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Chumash
Date: 1959-1995
Extent: 0.25 linear feet
Description: Beginning with fieldwork in around 1959-1960 with Marie de Soto at Santa Barbara, California, Bright continued to collected materials in Chumashan languages and villages throughout his life. A short field notebook can be found in Series 3 Subseries 2, along with a large topical folder on Chumash in Series 4. Correspondence on “Hispanisms” (Spanish borrowings into Native languages, Series 1, and the card file in Series 5) is also of note.
Collection: William O. Bright Papers (Mss.Ms.Coll.142)

Hupa
Alternate forms: Na:tini-xwe
Language(s): Hupa | English
Date: undated, 2001-2004
Extent: 0.1 linear feet
Description: In addition to copies of several small publications on Hupa history, stories and songs (Series 2), Bright possessed a sketch map of Shastan languages distributed throughout California (Series 5), and corresponded with several researchers, most significantly Juliette Blevins, in which there is a lexicon of plants and animals (Series 1).
Collection: William O. Bright Papers (Mss.Ms.Coll.142)

Karuk
Alternate forms: Karok
Language(s): Karuk | English | Spanish
Date: 1949-2006
Extent: 4 linear feet
Description: From the age of 21 throughout his life, William Bright worked with Karuk speakers to document and revitalize their language, resulting in becoming the first white honorary member of the Karuk tribe. The most prominent materials at the American Philosophical Society as a result are wide-ranging audio recordings, from the 1950s until the 2000s (Series 6), especially with Violet Super. With Susan Gehr, he produced a Karuk language dictionary, correspondence with whom (Series 1) contains draft texts. With the Karuk he contributed considerably to the literature on Coyote in particular, original transcriptions of which are in notebooks in Series 3 Subseries 1, and further developments in Series 2. He also collected many small publications about Karuk, in the same series. Additionally of interest in Series 1 is correspondence about the suspected arson of a'tim'îin, the Karuk sacred site near Somes Bar, CA. Karuk materials can be found in every series.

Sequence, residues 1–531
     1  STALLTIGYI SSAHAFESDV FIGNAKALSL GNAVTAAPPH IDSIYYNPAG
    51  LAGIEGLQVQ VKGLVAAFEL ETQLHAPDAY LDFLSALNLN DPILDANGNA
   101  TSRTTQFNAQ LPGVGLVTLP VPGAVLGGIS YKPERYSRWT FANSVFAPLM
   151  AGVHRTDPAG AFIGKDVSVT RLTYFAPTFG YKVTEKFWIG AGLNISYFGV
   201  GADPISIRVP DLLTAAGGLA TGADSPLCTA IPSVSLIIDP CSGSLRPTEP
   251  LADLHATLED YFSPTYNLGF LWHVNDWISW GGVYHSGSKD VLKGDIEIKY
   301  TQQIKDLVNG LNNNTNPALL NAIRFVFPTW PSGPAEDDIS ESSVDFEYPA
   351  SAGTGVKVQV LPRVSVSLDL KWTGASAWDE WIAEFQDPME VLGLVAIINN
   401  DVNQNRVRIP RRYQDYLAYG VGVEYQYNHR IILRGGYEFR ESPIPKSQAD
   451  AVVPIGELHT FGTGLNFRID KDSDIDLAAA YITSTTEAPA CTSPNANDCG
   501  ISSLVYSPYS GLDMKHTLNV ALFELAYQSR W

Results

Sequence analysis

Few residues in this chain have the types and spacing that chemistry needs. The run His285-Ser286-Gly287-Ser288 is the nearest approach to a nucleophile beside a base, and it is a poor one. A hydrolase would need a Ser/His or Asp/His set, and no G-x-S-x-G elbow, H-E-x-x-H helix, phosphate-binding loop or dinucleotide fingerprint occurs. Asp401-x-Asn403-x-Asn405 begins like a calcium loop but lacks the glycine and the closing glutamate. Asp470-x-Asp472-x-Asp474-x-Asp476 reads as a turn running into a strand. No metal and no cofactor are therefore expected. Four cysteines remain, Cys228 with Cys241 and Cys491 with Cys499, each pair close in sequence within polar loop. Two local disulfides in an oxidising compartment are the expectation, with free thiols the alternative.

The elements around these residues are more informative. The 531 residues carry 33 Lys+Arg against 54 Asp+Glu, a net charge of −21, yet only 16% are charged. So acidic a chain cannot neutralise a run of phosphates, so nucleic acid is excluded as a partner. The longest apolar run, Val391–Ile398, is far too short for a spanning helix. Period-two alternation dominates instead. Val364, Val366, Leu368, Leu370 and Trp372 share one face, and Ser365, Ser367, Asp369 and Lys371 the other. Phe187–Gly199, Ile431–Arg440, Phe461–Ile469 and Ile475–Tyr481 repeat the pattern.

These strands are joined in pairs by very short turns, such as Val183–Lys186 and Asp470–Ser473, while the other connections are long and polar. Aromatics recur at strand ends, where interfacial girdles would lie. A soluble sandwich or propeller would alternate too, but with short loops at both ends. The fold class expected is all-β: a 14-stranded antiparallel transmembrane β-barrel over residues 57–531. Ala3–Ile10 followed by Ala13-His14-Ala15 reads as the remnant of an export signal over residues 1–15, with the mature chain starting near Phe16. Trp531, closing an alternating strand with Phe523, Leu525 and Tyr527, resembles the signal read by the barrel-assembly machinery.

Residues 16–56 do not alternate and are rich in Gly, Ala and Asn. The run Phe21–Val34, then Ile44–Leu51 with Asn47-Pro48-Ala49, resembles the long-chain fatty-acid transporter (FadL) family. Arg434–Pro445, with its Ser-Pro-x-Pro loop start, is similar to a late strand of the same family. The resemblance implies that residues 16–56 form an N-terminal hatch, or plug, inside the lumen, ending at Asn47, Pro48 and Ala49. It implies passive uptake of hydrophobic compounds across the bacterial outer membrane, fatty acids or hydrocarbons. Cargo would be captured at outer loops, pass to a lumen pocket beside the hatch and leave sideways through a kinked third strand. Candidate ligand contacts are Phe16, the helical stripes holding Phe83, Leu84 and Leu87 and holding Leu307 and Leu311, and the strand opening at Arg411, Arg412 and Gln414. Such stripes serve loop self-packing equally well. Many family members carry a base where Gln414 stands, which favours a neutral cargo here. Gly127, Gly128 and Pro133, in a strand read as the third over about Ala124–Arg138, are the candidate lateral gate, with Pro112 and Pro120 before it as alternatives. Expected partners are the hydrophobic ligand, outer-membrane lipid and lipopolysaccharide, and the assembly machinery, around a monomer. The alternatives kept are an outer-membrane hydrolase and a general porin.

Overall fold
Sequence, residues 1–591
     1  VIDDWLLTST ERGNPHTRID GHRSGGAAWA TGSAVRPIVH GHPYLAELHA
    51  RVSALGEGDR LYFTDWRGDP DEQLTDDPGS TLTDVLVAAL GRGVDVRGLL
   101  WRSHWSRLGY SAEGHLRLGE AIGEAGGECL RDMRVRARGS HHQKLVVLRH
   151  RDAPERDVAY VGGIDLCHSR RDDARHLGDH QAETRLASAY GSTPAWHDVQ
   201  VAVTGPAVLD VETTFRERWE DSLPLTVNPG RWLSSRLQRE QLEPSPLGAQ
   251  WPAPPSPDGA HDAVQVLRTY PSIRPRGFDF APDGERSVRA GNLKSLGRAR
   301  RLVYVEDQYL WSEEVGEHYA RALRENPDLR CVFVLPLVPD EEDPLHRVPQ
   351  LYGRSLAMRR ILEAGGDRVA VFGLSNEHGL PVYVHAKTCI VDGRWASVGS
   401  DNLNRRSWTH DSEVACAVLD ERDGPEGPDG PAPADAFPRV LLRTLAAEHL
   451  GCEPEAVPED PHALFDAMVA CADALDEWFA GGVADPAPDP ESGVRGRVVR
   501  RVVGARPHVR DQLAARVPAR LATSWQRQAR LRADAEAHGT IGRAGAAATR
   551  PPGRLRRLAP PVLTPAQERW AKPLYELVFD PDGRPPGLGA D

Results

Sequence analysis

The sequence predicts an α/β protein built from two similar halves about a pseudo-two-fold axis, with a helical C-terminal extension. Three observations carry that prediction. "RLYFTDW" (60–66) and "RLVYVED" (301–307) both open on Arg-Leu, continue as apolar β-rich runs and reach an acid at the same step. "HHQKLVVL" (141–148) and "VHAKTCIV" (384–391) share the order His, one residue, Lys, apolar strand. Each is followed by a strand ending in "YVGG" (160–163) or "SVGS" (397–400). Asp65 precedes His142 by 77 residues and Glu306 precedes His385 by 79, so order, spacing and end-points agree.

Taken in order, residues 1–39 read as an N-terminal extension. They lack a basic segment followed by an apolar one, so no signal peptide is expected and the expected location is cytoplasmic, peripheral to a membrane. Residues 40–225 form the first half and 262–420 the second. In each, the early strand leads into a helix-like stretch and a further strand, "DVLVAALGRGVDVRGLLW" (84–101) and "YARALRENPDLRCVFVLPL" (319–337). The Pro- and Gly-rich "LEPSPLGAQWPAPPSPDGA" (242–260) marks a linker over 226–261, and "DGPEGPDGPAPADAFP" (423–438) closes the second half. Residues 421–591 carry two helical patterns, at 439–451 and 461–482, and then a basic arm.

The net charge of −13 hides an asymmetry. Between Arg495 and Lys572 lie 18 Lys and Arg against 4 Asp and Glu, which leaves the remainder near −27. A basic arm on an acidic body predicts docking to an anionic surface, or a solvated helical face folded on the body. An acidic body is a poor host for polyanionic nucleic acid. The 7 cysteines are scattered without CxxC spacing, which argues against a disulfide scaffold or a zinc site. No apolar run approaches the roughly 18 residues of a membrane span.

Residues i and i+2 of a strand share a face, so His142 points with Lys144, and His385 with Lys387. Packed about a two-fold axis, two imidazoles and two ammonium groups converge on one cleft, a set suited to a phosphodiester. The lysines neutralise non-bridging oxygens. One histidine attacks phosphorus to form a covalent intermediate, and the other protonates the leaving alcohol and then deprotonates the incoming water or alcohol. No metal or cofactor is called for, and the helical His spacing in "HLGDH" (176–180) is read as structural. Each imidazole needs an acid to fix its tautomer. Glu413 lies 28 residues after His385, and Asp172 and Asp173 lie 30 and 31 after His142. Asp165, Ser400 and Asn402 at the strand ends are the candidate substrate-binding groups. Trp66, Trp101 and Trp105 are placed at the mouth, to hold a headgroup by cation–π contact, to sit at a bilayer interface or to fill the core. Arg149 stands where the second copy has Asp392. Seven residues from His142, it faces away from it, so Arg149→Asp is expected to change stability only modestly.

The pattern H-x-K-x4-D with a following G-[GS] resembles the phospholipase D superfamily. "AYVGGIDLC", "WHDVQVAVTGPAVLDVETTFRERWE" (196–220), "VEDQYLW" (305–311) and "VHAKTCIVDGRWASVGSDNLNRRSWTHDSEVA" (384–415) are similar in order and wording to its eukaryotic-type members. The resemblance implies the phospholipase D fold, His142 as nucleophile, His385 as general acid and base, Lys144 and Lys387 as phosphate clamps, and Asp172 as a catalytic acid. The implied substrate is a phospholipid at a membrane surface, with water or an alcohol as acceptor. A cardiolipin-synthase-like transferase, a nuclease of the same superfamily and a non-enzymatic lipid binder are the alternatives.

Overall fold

Collection: William O. Bright Papers (Mss.Ms.Coll.142)

Kaqchikel | Ch'orti' | Maya | K'iche'
Alternate forms: Cakchiquel, Cakchikel, Kaqchiquel
Date: 1950s-1990s
Genre: Books | Maps
Extent: 0.25 linear feet
Description: William Bright's Maya file consists mostly of copies of others' publications, in particular texts produced by the SIL and other publishers in Guatemala (Series 2). He also performed ethnopoetics analysis on Mayan texts in preparation for a taught course in 1985, and drew a map of the languages of Central America.
Collection: William O. Bright Papers (Mss.Ms.Coll.142)

Shasta
Language(s): Shasta | English | Karuk
Date: 1950, undated
Extent: 0.1 linear feet
Description: William Bright made several audio recordings with Sargent Sambo in 1950 of Coyote tales, and a vocabulary, which can be found in Series 6. Among his other works, he was concerned with Shasta orthography, and developed a proposal for a new version, and derived lexica from others' published sources and archival notes (Series 4).
Collection: William O. Bright Papers (Mss.Ms.Coll.142)

Yurok
Language(s): Yurok | English
Subject: Linguistics | Music | Botany
Extent: 1 linear foot
Description: William Bright's Yurok materials include audio recordings he made around the same time as recording Karuk, especially of songs. The originals are generally stored at the Berkeley Language Center, but are also housed at the American Philosophical Society, Series 6. There are three notebooks from a fieldtrip made in the early 1960s in Series 3 Subseries 1 (one of which begins with Tolowa language information), in addition to several other elicited lexica in Series 2. He revisited in 1977, the itinerary for which is in Series 4.
Collection: William O. Bright Papers (Mss.Ms.Coll.142)